Poem of the day

The Village Blacksmith
by Henry Wadsworth Longfellow (1807-1882)

Under a spreading chestnut-tree
⁠         The village smithy stands;
The smith, a mighty man is he,
⁠         With large and sinewy hands,
And the muscles of his brawny arms
⁠         Are strong as iron bands.

His hair is crisp, and black, and long;
⁠         His face is like the tan;
His brow is wet with honest sweat,
⁠         He earns whate’er he can,
And looks the whole world in the face,
⁠         For he owes not any man.

Week in, week out, from morn till night,
⁠         You can hear his bellows blow;
You can hear him swing his heavy sledge,
⁠         With measured beat and slow,
Like a sexton ringing the village bell,
⁠         When the evening sun is low.

And children coming home from school
⁠         Look in at the open door;
They love to see the flaming forge,
⁠         And hear the bellows roar,
And catch the burning sparks that fly
⁠         Like chaff from a threshing-floor.

He goes on Sunday to the church,
⁠         And sits among his boys;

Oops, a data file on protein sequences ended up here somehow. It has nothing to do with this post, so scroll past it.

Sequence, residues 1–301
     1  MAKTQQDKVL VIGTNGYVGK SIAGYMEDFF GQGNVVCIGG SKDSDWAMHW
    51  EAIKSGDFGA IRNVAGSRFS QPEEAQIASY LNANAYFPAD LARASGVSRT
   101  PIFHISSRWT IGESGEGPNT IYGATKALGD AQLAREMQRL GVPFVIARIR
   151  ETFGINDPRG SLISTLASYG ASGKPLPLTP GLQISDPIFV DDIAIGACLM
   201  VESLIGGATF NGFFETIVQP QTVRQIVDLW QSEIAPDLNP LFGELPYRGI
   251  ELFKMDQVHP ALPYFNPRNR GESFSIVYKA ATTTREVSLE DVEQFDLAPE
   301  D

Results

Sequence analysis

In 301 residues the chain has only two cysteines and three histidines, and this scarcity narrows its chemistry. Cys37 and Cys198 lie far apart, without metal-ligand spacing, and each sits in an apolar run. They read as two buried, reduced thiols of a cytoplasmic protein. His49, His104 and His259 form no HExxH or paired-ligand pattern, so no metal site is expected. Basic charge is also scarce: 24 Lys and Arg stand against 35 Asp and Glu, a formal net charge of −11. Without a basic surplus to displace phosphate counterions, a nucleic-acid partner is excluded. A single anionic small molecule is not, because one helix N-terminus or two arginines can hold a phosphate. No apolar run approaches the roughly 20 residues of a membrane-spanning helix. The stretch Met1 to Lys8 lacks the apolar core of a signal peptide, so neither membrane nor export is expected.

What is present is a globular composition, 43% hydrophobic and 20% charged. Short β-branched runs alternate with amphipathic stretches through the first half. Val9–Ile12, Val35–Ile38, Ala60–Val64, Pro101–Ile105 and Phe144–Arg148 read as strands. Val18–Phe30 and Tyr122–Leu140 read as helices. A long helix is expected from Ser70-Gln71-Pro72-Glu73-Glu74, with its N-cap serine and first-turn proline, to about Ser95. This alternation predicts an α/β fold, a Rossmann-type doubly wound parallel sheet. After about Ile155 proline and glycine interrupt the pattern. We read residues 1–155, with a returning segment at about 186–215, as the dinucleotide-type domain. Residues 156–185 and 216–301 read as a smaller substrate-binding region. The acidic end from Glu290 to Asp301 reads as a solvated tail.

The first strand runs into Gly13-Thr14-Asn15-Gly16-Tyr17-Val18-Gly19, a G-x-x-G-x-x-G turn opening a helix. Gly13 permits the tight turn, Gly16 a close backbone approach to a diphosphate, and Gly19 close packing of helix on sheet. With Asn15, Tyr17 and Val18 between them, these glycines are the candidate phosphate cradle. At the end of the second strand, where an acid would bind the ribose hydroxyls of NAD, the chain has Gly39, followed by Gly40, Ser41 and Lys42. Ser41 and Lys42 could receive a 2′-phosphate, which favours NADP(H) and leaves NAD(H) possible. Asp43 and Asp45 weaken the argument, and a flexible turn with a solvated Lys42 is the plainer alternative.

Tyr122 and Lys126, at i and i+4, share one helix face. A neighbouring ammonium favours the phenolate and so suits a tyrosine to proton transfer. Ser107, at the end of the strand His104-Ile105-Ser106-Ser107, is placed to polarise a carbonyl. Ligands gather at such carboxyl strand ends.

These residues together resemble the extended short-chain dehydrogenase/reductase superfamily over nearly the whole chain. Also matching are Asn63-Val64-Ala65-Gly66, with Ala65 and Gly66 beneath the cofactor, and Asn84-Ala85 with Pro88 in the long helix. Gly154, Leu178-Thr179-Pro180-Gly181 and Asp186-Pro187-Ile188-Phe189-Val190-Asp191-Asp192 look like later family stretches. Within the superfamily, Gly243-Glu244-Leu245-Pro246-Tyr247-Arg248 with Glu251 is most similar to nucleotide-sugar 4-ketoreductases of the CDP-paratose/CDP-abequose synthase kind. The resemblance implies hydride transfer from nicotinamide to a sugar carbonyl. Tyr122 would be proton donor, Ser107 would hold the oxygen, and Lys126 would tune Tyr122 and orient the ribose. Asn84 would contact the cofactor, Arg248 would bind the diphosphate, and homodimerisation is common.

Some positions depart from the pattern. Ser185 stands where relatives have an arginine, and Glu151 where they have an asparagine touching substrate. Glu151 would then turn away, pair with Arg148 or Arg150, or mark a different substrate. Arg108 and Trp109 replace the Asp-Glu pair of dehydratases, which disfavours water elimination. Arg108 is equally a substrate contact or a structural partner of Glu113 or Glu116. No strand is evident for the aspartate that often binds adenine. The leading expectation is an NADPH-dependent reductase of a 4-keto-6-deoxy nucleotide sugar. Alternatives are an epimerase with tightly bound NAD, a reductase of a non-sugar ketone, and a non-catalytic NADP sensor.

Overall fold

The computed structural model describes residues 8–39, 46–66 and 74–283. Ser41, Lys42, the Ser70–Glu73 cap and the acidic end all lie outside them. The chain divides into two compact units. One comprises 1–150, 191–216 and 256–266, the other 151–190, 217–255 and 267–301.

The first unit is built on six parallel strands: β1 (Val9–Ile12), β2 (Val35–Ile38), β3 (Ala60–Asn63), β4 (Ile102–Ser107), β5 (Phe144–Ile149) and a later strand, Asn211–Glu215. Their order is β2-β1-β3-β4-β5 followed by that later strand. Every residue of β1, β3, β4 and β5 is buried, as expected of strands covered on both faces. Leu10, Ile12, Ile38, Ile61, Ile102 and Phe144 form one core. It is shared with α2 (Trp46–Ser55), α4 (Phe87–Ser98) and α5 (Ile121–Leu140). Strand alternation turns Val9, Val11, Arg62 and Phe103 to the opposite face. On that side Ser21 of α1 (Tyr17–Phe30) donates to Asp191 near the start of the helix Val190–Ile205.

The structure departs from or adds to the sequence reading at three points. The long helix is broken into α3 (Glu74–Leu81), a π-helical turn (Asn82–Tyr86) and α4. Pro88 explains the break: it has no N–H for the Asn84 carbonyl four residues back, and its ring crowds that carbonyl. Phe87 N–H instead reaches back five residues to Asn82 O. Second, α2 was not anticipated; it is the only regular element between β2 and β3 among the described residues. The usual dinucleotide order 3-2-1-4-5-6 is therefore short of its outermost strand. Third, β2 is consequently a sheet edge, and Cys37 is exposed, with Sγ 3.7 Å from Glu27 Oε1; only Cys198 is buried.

He hears the parson pray and preach,
⁠         He hears his daughter’s voice
Singing in the village choir,
⁠         And it makes his heart rejoice.

It sounds to him like her mother’s voice
⁠         Singing in Paradise!
He needs must think of her once more,
⁠         How in the grave she lies;
And with his hard, rough hand he wipes
⁠         A tear out of his eyes.

Toiling,—rejoicing,—sorrowing,
⁠         Onward through life he goes;
Each morning sees some task begin,
⁠         Each evening sees it close;
Something attempted, something done,
⁠         Has earned a night’s repose.

Thanks, thanks to thee, my worthy friend,
⁠         For the lesson thou hast taught!
Thus at the flaming forge of life
⁠         Our fortunes must be wrought;
Thus on its sounding anvil shaped
⁠         Each burning deed and thought.

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